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Networking in The Virtual World

One of the biggest buzzwords in business today is “social networking,” but many drycleaners are out of the loop. Social networks such as Facebook, LinkedIn and Twitter have their own vocabulary — but is it gibberish?
When websites were new, some drycleaners jumped right in; others thought they were unimportant. Some waited and built websites as they became expected, but still might wonder why. After all, you sell drycleaning, not computers.
With social networking, some of you — 52%, according to last month’s Wire survey — jumped right in, and use some form of social media. Most of you are aware of social networks, since Twitter has been prominent in the news recently. But many aren’t sure where to start.
Social networks launched to help enhance the connections people make. As people move and travel more than ever before, the Internet has grown; it makes sense to use it to stay in touch. When you want to share events and information with friends and colleagues, social networking plays an important role.
The social media offer free opportunities for friends, acquaintances and the public to share experiences, locations, pictures and videos with one another. Launched for college kids, Facebook alone has captured an entire generation of Internet users, and there are 6 billion new videos on YouTube every month.
Additional networks include Yelp!, which helps users rate business services, Loopt for sharing locations, and Delicious and Digg for sharing bookmarks. Each represents millions of users.
In addition to sharing personal experiences, users often work together on these sites. Not only have amateurs shared more than 3 billion photos on Flickr, but 35 million users have helped tag them with searchable keywords.
An even better example of voluntary participation is the user-generated encyclopedia, Wikipedia. Almost 10 million people contribute to Wikipedia, and it is now as accurate and bigger than the Encyclopedia Britannica.
There are also user groups for like-minded people and professionals. Yahoo! hosts 7.8 million groups on every subject; Google has 3.9 million. You can also share what you’re thinking and doing (Twitter), what you’re reading (StumbleUpon), and even your personal-finance strategies (Wesabe).
Young people helped popularize social-media tools, but every age group is adopting them. How many of your friends use Facebook? President Obama raised millions of dollars and recruited millions of volunteers through his own website and others. And Twitter was the perfect instant-messaging system to let people know what not to miss at Clean ’09.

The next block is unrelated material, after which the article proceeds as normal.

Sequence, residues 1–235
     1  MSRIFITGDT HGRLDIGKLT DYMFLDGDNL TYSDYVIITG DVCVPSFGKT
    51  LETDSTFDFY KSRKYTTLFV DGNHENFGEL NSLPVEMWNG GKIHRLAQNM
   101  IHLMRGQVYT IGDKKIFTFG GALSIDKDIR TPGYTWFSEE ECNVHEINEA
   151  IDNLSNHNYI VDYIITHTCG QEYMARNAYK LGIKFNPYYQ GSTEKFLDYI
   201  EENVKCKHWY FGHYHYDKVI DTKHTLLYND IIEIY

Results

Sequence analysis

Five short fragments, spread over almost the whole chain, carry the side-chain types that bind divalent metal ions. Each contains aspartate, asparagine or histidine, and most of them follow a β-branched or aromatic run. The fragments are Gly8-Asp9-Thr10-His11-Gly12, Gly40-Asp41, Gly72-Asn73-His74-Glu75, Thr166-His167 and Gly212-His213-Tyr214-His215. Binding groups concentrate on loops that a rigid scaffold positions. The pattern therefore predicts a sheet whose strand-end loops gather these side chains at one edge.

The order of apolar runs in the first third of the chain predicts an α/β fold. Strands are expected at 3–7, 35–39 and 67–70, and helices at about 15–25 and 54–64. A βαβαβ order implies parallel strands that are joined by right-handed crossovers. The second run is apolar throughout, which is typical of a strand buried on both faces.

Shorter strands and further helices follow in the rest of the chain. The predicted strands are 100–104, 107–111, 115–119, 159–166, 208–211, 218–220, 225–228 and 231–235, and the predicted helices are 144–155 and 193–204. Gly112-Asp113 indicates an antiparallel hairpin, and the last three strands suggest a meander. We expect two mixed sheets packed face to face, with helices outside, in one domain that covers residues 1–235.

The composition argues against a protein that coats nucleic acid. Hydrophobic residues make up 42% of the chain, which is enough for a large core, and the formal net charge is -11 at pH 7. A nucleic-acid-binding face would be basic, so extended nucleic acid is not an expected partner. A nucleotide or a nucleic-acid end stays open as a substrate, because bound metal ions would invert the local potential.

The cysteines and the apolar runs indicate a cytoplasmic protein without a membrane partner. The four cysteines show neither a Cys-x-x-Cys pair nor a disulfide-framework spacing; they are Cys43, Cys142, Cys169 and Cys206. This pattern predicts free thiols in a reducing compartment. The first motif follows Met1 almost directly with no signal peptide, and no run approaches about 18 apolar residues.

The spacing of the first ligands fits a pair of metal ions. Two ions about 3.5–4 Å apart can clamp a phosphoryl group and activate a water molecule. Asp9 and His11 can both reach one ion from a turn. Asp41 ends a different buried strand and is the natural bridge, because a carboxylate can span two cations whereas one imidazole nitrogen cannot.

Changes in the ways people communicate with each other are beginning to affect the economics of business. Every site mentioned is free to users, but ads target individual tastes and behaviors. On the Internet, ads don’t need to target a general audience such as “people aged 34 to 49 who watch Law & Order.” Now, ads can be generated for a person who identifies herself as a “45-year-old teacher from the Bronx with three kids who owns her own home.”
What does this mean for drycleaners? The industry traditionally lags behind other businesses in using new technologies. In the U.S., more drycleaners are now providing e-mail alerts, but those in other countries offer instant-message reminders as a successful added-value benefit to customers.
Business-to-business networks such as LinkedIn may offer the best return for drycleaners today, since much customer growth still comes from word-of-mouth or signage. But you still must have an informative and easy-to-use website.
Social networking isn’t just for telling friends what you had for breakfast. It is an effective communications tool that helps mobilize the masses and eases customer communication. And this is just the beginning — participate in social networking and you’ll be the first to discover its many opportunities as they arrive.

Have a question or comment? E-mail our editor Dave Davis at [email protected].